Space does not permit me to give you a history of the use of the word "evangelical" in organized religion. Suffice to say, it evolved after its earliest years into a movement that carried a zeal and missionary spirit for the Protestant denominations that proudly put the word into their name [i.e. Evangelical Lutheran Church]. It evolved as a mainstream term used in mainstream Protestantism. In the U.S. it has been usurped by out-of-the mainstream church groups. I can't call them "denominations" because they fit more closely to the individual parish pastor's flavor of showmanship than to a set of beliefs, doctrines, and rubrics established by a national or international church body.
Oh, how angry some "evangelicals" will be for me to frame them that way. But it is basically true, in a summarized version. What today we call mega-churches are beholden to a local group of pastors and members who have rallied around the dynamic of what passes for worship. Some are very good, some are akin to a Disney movie. In recent decades these non-denominational mega-churches and mega-church-wannabes have tried to precipitate out some semblance of theological order and principles that serve people outside the walls of the pretty church auditoriums. They were open to criticism for their showmanship that lacked basic tenets or theological scholarship.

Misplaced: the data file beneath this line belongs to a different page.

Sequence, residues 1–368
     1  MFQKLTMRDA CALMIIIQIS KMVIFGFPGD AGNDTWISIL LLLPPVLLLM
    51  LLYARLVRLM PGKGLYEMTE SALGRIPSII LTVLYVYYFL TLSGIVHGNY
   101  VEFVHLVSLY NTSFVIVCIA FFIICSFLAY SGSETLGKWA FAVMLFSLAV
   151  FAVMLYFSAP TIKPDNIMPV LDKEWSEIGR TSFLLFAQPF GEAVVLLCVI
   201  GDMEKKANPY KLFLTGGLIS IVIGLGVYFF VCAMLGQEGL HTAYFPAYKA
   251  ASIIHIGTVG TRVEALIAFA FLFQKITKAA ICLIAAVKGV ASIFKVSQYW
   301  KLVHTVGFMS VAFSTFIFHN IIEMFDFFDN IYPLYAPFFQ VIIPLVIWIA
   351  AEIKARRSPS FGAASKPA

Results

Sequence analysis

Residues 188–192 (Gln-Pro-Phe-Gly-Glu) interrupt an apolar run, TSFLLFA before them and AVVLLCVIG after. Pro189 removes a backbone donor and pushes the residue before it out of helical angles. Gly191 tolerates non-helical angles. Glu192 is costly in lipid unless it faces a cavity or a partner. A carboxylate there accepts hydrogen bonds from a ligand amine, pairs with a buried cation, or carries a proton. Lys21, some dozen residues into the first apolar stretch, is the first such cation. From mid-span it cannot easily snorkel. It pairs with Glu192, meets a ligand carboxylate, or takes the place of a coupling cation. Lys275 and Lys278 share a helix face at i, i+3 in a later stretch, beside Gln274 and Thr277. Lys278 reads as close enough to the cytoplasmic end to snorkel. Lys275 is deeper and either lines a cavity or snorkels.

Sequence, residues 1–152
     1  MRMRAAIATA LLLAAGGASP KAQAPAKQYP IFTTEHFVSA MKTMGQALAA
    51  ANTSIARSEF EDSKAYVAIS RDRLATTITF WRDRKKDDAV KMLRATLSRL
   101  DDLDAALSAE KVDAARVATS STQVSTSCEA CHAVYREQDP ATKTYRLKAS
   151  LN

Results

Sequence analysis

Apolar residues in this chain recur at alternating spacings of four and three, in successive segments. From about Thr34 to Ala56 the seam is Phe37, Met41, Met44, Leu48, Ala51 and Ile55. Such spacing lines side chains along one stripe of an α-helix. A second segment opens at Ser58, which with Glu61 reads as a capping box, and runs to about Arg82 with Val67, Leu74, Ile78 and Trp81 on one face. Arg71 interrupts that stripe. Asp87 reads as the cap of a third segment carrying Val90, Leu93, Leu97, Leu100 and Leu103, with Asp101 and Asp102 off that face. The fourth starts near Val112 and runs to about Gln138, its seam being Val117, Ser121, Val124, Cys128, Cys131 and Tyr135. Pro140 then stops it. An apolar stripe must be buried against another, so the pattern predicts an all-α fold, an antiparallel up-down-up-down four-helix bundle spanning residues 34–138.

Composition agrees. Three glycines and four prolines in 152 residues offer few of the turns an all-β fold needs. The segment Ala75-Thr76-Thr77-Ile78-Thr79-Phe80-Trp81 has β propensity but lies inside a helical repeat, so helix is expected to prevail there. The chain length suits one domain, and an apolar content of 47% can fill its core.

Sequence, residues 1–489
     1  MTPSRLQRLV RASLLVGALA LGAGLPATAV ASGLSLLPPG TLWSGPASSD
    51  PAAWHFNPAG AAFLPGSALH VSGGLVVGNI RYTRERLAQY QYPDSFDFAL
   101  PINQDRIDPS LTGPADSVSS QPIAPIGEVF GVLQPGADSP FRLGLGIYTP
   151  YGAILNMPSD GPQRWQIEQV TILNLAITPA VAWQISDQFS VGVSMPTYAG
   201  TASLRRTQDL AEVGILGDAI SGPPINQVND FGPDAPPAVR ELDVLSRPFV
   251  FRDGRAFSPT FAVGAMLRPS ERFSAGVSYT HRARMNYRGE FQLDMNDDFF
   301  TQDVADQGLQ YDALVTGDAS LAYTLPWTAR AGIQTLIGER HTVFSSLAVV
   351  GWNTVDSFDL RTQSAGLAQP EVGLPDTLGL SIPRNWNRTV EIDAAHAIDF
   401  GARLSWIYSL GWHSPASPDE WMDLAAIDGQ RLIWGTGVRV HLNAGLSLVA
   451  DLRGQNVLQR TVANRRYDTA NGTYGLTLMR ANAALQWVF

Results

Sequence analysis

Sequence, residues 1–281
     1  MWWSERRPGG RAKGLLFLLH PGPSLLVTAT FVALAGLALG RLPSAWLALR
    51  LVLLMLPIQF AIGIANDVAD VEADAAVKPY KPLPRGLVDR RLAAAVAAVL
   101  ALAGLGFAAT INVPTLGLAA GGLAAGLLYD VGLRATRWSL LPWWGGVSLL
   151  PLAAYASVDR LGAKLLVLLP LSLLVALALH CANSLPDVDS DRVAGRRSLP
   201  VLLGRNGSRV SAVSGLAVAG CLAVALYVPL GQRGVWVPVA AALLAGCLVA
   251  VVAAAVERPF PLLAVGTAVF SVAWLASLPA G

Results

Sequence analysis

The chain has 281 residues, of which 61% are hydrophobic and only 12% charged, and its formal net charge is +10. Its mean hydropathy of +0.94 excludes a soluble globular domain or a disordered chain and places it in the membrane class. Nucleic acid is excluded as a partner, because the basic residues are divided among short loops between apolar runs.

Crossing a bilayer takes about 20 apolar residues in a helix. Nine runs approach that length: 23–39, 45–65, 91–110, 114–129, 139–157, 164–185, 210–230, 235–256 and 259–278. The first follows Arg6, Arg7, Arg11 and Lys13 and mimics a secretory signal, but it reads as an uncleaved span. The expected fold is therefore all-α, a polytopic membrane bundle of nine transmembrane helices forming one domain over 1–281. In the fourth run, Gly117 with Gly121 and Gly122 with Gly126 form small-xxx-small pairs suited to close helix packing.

These mega-churches found a cohesive way to tie together a semblance of biblical and/or theological unity. They found it in politics. The leaders were often TV darlings with quasi-credentials in Christian teaching. Politicians were easy targets who could not truly fight back at outlandish and ultra-dramatic charges. They usurped causes like right-to-life, the right to own a gun, etc. There was little in their litany for service to the poor and minorities. Huge fortunes were built by these early "evangelical" TV darlings. Pounding their chests against the sin of liberals and progressives, some of them got caught up in their own personal transgressions. Jimmy Swaggart and Jim Baker come quickly to mind. But there were many, many others. They have learned from these mistakes and now play their personal lives as though their fortune depended upon it; and it does. And they have become very selective in which politicians they single out. Bill Clinton and John Edwards are horrible sinners, Newt Gingrich's similar escapades are forgiven.
Perhaps the most tragic development in the evolution of these so-called evangelical churches is that they greatly helped George W. Bush get elected twice to the White House. And you realize what that has meant. They can muster their troops to fight the terrible demons that surround us. But the material riches of these individual churches do not find real service to minorities, the poor, the needy, the underserved in our society; it is peanuts compared to what is done by much tinier churches in mainstream Christianity. Oh, the numbers look big, but the per capita is atrocious by comparison. Realizing that they may be on the brink of the larger society putting them under the microscope and calling their bluff, they are now on a PR campaign to look more sensitive to the needs of people outside their shallow purview.
However underlying any real scrutiny of their "mission," is the threat that they can destroy you with their self-righteous clout. They can organize in a second to parade against abortion, but have very little to give in serving the unwanted children that surround all of us. This is a real tragedy, Christian or otherwise.